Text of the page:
“Invisible Borders” is a photographic project that is organised and executed annually by as many as 10 Nigerian photographers. The project is trans-African in its orientation, and sees the participating artists collectively taking road trips across Africa to explore and participate in various photographic events, festival and exhibitions. The emphasis is primarily on the individual and collective journey of the participating artists who, during their momentary stops in capital cities, create photographic works that often reflect their individual approach to engaging with local artists and art practitioners. Underpinning the project are several major aims:
· To tell Africa’s stories, by Africans, through photography.
· Encourage exposure of upcoming Nigerian photographers towards experiencing art and photography as practiced in other parts of the continent.
· Develop a cultural network that encourages and embraces trans-African artistic relationships within the continent.
The first edition took place in November 2009 with the photographers travelling from Lagos to Bamako for the 8th Bamako Encounters Biennale of Photography.
Between April 27th and May 16th 2010, the 2nd edition saw the photographers travelling over 3000 miles in a rented 14-seater Ford van across West Africa en route again for Dakar. This time the photographers were heading to the Dak’Art 2010 Biennale of Contemporary African Art, and thus made stops in countries such as the Republic of Benin, Togo, Ghana, Burkina Faso, Mali and Senegal—all within a period of 20 days.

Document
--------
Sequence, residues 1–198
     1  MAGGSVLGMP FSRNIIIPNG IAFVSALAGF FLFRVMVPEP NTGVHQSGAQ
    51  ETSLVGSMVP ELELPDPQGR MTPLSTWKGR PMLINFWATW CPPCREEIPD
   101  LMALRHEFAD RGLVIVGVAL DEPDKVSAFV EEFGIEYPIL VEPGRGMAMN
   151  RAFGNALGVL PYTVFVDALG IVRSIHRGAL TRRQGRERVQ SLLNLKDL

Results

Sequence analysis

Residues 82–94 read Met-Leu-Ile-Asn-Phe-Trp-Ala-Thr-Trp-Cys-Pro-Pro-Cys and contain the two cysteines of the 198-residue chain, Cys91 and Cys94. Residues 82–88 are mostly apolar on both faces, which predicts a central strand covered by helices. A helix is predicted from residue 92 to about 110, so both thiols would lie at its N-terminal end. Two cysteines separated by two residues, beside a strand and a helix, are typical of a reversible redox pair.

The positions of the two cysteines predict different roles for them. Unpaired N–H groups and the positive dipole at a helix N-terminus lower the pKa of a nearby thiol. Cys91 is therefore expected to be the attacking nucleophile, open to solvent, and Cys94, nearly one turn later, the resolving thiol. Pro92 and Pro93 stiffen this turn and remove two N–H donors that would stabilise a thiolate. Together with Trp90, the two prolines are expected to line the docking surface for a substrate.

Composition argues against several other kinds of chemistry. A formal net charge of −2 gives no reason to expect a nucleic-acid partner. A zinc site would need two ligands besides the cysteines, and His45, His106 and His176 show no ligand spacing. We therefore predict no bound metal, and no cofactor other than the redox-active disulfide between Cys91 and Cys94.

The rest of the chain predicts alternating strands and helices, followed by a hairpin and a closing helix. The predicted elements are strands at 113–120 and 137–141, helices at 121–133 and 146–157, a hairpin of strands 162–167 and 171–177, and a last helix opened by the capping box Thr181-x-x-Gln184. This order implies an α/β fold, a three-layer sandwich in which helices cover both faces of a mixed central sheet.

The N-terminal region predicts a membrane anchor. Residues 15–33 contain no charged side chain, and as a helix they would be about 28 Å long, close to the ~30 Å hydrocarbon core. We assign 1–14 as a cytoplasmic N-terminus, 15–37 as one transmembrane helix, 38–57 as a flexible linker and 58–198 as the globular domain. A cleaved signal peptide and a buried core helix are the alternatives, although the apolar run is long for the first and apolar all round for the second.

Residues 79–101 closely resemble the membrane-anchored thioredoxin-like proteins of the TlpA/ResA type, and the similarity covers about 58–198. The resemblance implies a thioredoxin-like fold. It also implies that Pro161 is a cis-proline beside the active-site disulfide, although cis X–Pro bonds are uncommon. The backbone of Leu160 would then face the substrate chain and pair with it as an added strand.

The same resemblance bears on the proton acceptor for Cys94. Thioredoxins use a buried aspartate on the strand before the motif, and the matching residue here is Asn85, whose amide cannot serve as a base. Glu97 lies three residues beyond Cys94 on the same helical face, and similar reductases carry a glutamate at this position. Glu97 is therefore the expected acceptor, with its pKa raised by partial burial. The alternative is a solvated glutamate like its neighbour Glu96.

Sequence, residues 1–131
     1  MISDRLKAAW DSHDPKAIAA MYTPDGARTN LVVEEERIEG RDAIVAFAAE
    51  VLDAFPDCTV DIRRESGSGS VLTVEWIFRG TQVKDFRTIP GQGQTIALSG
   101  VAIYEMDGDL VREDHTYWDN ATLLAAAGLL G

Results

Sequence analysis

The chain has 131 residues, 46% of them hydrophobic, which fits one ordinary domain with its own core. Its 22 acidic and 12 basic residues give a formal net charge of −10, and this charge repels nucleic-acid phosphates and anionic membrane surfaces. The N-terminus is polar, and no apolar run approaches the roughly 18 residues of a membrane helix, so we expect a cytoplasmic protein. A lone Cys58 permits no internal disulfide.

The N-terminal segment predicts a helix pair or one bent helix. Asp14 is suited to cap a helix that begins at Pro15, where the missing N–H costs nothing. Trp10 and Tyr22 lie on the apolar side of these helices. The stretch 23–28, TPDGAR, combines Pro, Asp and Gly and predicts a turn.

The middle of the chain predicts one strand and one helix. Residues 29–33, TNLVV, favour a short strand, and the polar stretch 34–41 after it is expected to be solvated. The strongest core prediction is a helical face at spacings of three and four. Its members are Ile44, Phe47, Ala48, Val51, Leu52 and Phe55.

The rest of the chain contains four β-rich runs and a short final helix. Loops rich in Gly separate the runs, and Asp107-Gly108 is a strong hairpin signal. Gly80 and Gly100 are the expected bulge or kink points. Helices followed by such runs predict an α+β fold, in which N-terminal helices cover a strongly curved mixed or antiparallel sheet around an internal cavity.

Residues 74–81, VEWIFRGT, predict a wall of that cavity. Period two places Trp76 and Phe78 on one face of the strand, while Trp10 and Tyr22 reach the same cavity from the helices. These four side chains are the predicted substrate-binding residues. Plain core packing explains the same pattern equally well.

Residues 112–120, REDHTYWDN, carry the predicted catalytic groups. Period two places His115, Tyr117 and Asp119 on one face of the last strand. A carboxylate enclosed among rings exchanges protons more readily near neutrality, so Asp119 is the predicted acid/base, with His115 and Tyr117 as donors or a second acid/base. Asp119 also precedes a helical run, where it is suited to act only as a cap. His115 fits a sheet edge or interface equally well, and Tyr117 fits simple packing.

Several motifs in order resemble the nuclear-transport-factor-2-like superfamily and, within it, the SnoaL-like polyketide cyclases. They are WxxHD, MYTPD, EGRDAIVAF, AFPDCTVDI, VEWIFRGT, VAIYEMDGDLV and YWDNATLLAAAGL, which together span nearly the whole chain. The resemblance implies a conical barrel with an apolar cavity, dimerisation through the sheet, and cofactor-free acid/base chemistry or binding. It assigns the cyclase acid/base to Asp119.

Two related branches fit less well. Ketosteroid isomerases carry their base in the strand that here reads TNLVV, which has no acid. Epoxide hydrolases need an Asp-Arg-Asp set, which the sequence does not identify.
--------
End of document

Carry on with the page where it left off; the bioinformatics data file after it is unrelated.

Although IB is not an initiative with fixed participants, the founding participants were the same as those on the 2010 journey with only one new addition. The participants were as follows: Amaize Ojeikere, Ray Daniels Okeugo, Unoma Geise, Lucy Azubuike, Charles Okereke, Chidinma Nnorom, Adenike Ojeikere, Uche Okpa-Iroha, Chriss Aghana Nwobu, and the project’s founder Emeka Okereke.
For IB 2011, the collective tentatively plans to head toward East Africa— with Addis Ababa being the potential destination.
For more information, to see images created during the trips, or to read real-time notes from each journey, please visit the Invisible Borders Blog at www.invisible-borders.blogspot.com
Text by Emeka Okereke.